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The impact Toxic or Severe Dysfunctional Leadership has on the effectiveness of an organisation

Leet, Edward (2011) The impact Toxic or Severe Dysfunctional Leadership has on the effectiveness of an organisation. PhD thesis, Murdoch University.

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      Abstract

      The topic of toxic leadership has received tremendous attention in recent times, mainly from the popular media and to a much smaller degree from the research community.

      The recent rise in corporate failures due to toxic leaders is alarming and the resulting concomitant consequences catastrophic. The phenomenon of toxic leadership has sparked an almost unprecedented and intensive debate on why such leaders were allowed to preside over such disasters to their organisations and to the global business community at large.

      I investigated the definition of toxic leadership through a Delphi study of senior executives, gathering a comprehensive list of potentially toxic behaviours. From this list I developed a survey instrument of 65 items, administered to 177 respondents. Factor analysis of the data revealed a three factor solution with leadership competency, toxic leadership and indulgent leadership factors. Further, the survey findings demonstrated that toxic leadership and indulgent leadership have different effects on measures of organisational health.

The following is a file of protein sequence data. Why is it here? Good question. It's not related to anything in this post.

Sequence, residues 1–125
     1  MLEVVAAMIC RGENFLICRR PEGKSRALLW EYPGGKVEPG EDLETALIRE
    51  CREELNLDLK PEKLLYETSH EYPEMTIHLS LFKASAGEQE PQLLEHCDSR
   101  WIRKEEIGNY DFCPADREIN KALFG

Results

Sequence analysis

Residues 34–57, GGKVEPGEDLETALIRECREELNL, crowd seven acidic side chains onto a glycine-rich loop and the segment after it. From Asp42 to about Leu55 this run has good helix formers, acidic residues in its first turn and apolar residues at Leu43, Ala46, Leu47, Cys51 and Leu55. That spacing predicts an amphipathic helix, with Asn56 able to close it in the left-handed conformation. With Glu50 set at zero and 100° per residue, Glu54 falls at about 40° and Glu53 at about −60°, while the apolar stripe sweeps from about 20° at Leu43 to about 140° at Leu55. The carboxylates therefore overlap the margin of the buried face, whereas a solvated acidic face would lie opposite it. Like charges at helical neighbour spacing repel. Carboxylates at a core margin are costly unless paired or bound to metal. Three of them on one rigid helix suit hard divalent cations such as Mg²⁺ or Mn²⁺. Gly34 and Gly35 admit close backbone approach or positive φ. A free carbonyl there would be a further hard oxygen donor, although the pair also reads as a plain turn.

•Leadership competency can be measured
      •Toxic leadership can be measured
      •Indulgent leadership can be measured
      •Toxic leadership is different from indulgent leadership
      •A Delphi Study can be invaluable as a qualitative tool in the process of developing a test instrument.
      •An instrument can measure organisational health by means of surrogate constructs such as job satisfaction, intention to stay, intention to leave and organisational retention.

      I discuss implications and consequences of the findings for organisations and offer some suggestions for future areas of research.

      Publication Type: Thesis (PhD)
      Murdoch Affiliation: Murdoch Business School
      Supervisor: Entrekin, Leland and Baker, Geoff
      URI: http://researchrepository.murdoch.edu.au/id/eprint/5795
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